What is wisdom? How can we measure this complex construct in a valid way? Why do some people develop extraordinary wisdom over the course of their lives, while most of us … well … do not? How does wisdom manifest itself in different professional groups, such as teachers or managers? Whom do people consider as wise and why, and are there cultural differences in people’s conceptions of wisdom? Why does wisdom-related knowledge often not get translated into actual wise behavior? How can we make the world a wiser place? Our research group investigates all these and other questions about wisdom.
We study wisdom from a variety of perspectives. In the MORE Life Experience Model, we proposed that wisdom develops over the life span through an interplay of life challenges and intra- and interpersonal psychological resources – a theory that we are currently testing in a longitudinal study. On the other hand, we are interested in contextual and situational factors that foster or hinder the manifestation of wisdom. Our current research project investigates structural and contextual factors that enable teachers and managers to accumulate and utilize professional wisdom. The project members’ individual research projects are described below.
Judith Glück has been professor of developmental psychology at University of Klagenfurt since 2007. She received her diploma in psychology in 1995 and her doctoral degree in 1999, both at the University of Vienna. From 1999 to 2002, she was a postdoctoral research fellow at the Max Planck Institute for Human Development in Berlin, Germany. From 2002 to 2007, she was an associate professor of developmental psychology at University of Vienna. She is married with two children, born in 2002 and 2007.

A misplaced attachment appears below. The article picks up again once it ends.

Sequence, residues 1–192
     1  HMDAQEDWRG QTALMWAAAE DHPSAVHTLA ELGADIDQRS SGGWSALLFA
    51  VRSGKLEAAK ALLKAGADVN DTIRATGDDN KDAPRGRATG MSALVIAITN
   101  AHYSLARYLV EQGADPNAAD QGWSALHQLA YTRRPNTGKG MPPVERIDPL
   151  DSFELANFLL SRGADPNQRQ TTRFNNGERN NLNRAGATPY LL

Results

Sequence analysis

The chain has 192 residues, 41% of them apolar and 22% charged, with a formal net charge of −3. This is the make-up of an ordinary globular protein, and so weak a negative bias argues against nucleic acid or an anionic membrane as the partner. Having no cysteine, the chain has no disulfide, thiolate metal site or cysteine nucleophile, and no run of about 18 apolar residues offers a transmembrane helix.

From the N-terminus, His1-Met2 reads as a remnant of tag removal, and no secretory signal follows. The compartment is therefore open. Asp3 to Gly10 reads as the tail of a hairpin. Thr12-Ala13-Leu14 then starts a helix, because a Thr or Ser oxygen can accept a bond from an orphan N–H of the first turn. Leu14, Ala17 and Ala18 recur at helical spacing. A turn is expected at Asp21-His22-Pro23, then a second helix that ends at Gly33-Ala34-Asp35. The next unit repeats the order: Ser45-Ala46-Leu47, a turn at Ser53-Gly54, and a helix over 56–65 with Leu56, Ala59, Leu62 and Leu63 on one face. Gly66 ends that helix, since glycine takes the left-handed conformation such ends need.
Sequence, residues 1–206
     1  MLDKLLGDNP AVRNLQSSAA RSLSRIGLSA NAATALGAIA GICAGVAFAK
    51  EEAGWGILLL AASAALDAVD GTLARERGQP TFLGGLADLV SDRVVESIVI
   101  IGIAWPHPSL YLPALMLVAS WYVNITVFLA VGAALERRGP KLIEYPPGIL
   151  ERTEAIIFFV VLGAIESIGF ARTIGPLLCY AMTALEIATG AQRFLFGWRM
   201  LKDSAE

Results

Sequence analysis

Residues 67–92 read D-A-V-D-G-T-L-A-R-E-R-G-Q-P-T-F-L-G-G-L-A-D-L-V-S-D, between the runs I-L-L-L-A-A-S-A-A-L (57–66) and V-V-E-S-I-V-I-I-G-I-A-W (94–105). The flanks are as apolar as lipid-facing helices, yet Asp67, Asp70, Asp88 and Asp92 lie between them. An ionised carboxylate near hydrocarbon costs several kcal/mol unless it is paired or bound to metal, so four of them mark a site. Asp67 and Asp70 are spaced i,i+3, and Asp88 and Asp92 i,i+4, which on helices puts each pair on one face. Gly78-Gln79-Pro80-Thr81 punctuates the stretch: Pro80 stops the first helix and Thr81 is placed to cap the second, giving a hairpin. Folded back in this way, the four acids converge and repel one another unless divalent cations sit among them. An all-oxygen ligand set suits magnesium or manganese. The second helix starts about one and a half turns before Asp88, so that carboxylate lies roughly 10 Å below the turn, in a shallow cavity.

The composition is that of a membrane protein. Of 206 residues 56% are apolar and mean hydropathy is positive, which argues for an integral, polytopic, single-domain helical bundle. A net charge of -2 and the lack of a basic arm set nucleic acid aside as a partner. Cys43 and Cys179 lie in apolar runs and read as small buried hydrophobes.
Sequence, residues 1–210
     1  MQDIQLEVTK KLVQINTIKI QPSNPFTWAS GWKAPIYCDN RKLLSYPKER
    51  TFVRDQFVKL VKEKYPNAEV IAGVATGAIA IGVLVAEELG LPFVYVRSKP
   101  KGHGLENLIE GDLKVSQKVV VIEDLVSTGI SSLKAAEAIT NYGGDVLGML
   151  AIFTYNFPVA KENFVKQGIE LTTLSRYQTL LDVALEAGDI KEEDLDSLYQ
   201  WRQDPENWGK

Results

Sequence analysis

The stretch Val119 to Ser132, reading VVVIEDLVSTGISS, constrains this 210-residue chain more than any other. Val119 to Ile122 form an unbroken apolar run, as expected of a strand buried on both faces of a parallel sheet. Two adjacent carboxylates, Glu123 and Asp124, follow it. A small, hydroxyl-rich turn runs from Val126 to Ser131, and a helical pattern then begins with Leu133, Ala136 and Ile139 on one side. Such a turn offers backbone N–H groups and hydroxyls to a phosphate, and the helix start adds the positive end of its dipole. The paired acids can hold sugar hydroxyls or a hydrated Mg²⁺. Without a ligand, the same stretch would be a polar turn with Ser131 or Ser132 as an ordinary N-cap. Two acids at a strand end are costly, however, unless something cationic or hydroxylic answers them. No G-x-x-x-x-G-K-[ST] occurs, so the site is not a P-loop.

Judith’s main topic of research is wisdom psychology. She is interested in the development of wisdom through an interplay of life experiences and internal and external resources, new methods of measuring wisdom, situational and contextual predictors of wisdom, wisdom in professional contexts, and people’s conceptions of wisdom across different cultures.
Irina Auer-Spath’s research focus is on interpersonal interactions and their influence on the development of wisdom. In her dissertation project, she examines the manifestation of wisdom in long-term intimate relationships and the role of relationship experiences for the development of wisdom. In the future, she wants to investigate wisdom- fostering and wisdom- hindering social interactions by observing couples during collaborative problem-solving. Some of her related research interests are self-expansion in and through relationships, the relation between attachment -patterns and wisdom, the teaching of wisdom by parents and educators, as well as wisdom in school contexts (teaching and learning). Irina’s research orientation is informed by lifespan developmental, personality (and social) psychology as well as family, relationship and attachment research. To capture the complexity of these topics, she uses diverse qualitative and quantitative methodologies.
Irina is also soon going to be a certified administrator of the Adult Attachment Interview (AAI). She is also in training as a psychotherapist in the field of Concentrative Movement Therapy (KBT).